For my small servo, I can safely power it from Raspberry Pi physical pin 2. The second point is that to control the servo, you have to use Pulse Width Modulation. If you are up to speed on PWM, this lesson will go a lot easier.

Can you use the Raspberry Pi 3 as your work PC

Now, what small little device could have fun with that I wonder? The cable connected at the front is the current RS link. I decided to use an off-the-shelf USB-to-serial adaptor to do this for reasons that will become apparent. A quick test in the command-line proved the Pi could happily talk to the Enigma-E.

The Raspberry Pi is stored in the centre console and all wires routed underneath. Audio is fed through the aux socket of the car’s radio so no additional hardware is needed for this.

The aim was to send images from higher than my record of just under 40km, so the tracker was pretty much as light as I could make it. For that I made a more suitable payload box, keeping the original for a later date. That was a great flight with, as far as I know, the only live images sent from a flight of that type. It was also the first flight to use the new Raspberry Pi camera, and it got some good images though overall the success rate was much lower than I hoped for.

Last but not least was to get the latest Pi camera software and configure it to use matrix metering mode. I also changed the code a little to take 3 types of image each about once per minute: Oh, and also I replaced the main voltage regulator on the Pi for a better one so that the entire tracker could run off a lower voltage so it could run for longer on the batteries.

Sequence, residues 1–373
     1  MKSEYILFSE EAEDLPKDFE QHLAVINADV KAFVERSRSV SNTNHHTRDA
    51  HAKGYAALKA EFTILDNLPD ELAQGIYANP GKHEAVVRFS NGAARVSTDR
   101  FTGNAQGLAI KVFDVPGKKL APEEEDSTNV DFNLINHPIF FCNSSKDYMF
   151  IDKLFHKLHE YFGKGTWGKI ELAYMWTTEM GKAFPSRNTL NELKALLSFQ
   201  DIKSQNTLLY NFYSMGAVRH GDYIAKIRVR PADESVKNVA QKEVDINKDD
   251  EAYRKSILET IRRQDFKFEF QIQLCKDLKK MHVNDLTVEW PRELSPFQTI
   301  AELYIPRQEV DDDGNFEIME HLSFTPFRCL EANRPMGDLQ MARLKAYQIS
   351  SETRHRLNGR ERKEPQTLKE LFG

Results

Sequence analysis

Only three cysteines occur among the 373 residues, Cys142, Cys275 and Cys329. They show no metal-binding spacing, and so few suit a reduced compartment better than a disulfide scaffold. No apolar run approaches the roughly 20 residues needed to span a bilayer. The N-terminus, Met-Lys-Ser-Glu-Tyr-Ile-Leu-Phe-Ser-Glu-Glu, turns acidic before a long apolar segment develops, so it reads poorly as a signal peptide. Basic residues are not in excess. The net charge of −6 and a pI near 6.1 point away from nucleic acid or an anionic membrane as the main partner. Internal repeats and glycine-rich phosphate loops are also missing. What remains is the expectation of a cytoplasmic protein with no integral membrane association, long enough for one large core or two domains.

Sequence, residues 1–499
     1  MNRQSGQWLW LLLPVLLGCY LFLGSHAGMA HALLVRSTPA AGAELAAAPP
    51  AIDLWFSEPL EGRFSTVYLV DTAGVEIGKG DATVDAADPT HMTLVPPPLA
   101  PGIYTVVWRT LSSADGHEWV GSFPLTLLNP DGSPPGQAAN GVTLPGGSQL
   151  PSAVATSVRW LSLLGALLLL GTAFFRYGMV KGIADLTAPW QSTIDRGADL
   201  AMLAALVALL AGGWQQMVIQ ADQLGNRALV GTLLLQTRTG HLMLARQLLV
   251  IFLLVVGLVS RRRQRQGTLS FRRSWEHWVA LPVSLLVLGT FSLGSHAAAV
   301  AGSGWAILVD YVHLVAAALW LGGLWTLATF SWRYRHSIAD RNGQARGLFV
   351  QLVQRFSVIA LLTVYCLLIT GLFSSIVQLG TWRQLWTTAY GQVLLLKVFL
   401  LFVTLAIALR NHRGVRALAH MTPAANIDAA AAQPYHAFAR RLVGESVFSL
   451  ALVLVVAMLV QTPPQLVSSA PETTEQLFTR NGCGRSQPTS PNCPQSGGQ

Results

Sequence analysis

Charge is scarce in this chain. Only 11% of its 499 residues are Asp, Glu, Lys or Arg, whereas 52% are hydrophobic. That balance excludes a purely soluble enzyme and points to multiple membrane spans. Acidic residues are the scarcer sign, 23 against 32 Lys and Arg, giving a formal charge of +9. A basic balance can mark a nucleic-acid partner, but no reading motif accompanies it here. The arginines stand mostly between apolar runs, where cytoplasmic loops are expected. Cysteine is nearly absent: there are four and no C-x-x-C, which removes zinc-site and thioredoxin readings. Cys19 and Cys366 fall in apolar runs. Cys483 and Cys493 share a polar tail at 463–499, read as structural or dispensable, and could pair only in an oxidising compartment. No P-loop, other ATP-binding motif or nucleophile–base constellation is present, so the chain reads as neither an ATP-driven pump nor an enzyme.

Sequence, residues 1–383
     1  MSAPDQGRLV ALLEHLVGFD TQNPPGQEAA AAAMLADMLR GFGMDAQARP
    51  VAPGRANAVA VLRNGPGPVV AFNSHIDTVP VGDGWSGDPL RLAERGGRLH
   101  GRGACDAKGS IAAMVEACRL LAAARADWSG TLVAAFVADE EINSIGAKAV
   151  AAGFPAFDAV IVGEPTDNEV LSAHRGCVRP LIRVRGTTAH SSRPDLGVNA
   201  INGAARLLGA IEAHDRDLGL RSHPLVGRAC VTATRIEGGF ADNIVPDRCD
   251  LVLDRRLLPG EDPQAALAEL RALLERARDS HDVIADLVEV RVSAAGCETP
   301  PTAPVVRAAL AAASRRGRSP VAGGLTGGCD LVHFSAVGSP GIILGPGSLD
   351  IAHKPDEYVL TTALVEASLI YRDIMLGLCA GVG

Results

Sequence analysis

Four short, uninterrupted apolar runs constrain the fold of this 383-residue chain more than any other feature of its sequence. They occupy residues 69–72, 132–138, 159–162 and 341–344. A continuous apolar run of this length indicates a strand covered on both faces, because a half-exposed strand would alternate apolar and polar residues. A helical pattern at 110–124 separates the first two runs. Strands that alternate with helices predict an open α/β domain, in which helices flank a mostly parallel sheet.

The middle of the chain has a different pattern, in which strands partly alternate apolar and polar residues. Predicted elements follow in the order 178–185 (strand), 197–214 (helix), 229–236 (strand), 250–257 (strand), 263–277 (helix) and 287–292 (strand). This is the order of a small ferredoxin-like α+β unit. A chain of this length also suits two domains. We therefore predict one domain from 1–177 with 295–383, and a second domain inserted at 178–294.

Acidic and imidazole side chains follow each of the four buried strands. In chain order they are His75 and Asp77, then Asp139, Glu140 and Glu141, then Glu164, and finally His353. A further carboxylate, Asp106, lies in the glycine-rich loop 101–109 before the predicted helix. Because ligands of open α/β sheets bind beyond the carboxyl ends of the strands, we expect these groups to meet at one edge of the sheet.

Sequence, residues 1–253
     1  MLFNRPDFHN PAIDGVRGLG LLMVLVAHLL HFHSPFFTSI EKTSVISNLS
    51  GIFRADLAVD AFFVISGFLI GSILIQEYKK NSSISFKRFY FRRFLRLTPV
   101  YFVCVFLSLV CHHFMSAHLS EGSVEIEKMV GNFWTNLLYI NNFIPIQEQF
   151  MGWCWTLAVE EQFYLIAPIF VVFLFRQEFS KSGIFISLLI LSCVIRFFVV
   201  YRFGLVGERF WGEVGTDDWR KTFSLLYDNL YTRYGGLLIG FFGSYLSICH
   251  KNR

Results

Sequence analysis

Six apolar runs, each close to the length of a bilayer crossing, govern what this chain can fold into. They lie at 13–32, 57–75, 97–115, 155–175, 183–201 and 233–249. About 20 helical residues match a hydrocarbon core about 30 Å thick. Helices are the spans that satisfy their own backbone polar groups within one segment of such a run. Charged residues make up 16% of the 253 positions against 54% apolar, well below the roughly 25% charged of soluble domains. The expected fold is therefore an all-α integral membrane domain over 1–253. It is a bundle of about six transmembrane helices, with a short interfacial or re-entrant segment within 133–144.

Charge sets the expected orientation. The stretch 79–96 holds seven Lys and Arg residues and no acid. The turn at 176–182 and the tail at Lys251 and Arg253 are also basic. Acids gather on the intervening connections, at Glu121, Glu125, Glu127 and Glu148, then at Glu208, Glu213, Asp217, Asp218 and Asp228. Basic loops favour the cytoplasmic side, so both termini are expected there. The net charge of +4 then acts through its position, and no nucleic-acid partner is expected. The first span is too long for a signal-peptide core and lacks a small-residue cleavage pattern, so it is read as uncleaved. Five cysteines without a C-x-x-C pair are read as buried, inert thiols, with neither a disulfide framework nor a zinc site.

I had some people coming along to see the launch, so they know a bit more about how things work before I help them on a commercial launch in a few weeks time. Originally I intended the tracker to run from 4 AAA lithium cells but the runtime on those was around 4. The extra weight does reduce the maximum altitude somewhat, but I thought on balance it was worth doing. The day was sunny as expected, and the wind was mostly still but with some gusts.

I showed my guests how the payload is attached to the parachute:

How to Put a Computer in Your Car with the Raspberry Pi